Monday, July 16, 2007
‘Harry Potter and the Order of the Phoenix’
For any who may be disappointed with the 2007 crop of summer movies, I give you … “Harry Potter and the Order of the Phoenix,” not just the best movie of the season, but the best of this franchise, as well.
The fifth installment of author J.K. Rowling’s magical (in more ways than one) seven-part series, “Phoenix” covers the darkest subject matter yet, which makes it ideal for a more adult audience. This is the first film in the franchise that someone could walk in off the street without having seen/read any of the previous chapters and still really enjoy. The movie, obviously with a lot of help from the source material, has it all: Action, adventure, wit, charm, humor, emotion. It’s the story of a boy who finally embraces his talents and his destiny, and in so doing takes his first step into manhood. For the first time, the now 15-year-old Harry doesn’t stumble through challenges using his previous concoction of raw power, big heart, and seemingly blind luck; in “Phoenix” he takes command not only of his own skills, but helps his young classmates harness theirs, too. After watching this kid suffer under the weight of being “The Boy Who Lived” for four years, it’s thrilling and emotionally rewarding to finally see him believe in himself.
“Phoenix” is helmed by relative newcomer David Yates, a 44-year-old Englishman with a mix of TV and film work in his background, and none of it anything most people have ever seen. Thus this film marks a rather stunning big-budget debut, especially considering he trimmed Rowling’s longest novel into the franchise’s shortest movie (“Phoenix” clocks in at a relatively short 2:18). I have nothing to offer most of you out there in the way of changes from the source material, however, as I choose to see the movies first and then read the books later. From my perspective, screenwriter Michael Goldenberg (“Contact”) did a masterful job with his condensed version; the plot moves well and all elements are explained to satisfaction. For someone who didn’t know what was coming, the dynamic story moved along with no sluggishness whatsoever.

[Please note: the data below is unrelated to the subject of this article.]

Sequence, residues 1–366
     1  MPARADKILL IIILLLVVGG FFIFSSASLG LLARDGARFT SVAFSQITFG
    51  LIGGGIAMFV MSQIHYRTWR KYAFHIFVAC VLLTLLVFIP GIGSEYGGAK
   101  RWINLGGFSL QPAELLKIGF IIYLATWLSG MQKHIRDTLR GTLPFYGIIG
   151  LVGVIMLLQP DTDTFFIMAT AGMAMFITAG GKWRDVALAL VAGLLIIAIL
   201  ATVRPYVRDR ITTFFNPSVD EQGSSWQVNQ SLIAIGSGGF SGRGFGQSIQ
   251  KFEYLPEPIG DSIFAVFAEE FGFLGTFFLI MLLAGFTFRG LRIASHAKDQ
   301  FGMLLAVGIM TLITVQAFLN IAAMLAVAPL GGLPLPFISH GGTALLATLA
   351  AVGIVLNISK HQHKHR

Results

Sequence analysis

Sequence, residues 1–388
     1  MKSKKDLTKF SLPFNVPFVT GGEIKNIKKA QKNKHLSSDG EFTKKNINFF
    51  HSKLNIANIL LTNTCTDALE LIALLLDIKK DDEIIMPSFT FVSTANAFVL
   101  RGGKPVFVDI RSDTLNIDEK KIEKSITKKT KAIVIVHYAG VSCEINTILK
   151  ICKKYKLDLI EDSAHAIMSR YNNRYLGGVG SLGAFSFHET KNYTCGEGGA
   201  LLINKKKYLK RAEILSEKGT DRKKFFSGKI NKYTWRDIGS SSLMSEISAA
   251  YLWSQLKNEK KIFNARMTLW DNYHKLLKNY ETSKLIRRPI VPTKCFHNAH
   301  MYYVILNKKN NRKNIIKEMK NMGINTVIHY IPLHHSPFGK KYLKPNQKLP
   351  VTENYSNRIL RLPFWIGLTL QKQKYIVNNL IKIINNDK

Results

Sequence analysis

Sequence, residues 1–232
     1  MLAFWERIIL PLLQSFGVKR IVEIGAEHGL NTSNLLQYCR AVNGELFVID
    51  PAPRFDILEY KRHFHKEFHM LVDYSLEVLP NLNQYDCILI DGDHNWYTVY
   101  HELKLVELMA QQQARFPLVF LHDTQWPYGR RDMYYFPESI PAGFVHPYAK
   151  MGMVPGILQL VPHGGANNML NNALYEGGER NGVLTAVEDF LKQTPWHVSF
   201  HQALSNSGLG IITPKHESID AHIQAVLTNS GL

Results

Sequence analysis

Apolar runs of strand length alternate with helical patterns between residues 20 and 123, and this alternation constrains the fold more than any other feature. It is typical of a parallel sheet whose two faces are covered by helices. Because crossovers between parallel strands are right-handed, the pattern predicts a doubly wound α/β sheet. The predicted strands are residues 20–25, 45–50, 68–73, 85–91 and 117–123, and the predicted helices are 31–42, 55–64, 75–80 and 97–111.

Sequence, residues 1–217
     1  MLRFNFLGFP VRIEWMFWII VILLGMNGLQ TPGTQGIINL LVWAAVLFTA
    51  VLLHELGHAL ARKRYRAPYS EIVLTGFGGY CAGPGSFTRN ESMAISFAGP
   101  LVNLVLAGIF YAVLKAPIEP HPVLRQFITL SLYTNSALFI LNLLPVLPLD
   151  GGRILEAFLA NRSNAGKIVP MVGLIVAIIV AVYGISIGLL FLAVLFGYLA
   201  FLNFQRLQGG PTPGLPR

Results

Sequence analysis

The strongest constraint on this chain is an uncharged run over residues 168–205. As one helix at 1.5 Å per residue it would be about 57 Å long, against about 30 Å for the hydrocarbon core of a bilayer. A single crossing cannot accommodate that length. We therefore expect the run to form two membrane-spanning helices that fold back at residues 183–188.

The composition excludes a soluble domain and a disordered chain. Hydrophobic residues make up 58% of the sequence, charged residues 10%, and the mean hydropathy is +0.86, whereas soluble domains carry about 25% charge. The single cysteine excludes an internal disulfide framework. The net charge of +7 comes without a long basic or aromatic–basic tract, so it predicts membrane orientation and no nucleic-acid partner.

And, wow, am I glad I didn’t know what was in store. Rowling has provided some great climaxes in this series, especially in the previous two chapters, but “Phoenix” certainly boasts the best yet. Gates translates the written word into a visual tour de force that I would put up against any of the special-effects-laden cinematic clashes of the past decade.
I could barely get through the first two “Potter” movies, but looking back I must give Christopher Columbus, who directed those installments, a great deal of credit for handling the most important job of them all: casting this crew. I cannot imagine anyone at this point other than Daniel Radcliffe (Harry), Emma Watson (Hermione), and Rupert Grint (Ron) in the lead roles; all three continue to just get better with each movie. The supporting cast is equally superb, especially Alan Rickman as the not-so-sinister-anymore Professor Snape. Gary Oldman, a true chameleon, continues his excellent work as Harry’s godfather, Sirius Black (can you believe this is the same guy who played James Gordon in “Batman Begins”?). And Imelda Staunton steals every scene as buttoned-up professor-turned-Hogwarts-dictator Dolores Umbridge.
I really can’t say enough good things about this movie. It’s utterly captivating, exciting, infuriating (in all the right ways, especially its commentary on government-run education), uplifting, heartwarming, and tear-inducing. It’s the first movie I’ve seen this summer that I wanted to get right back in line and watch again.
And, for what it’s worth, I saw it with two people who HAVE read the books (and whose opinions I respect), and they loved it just as much as me.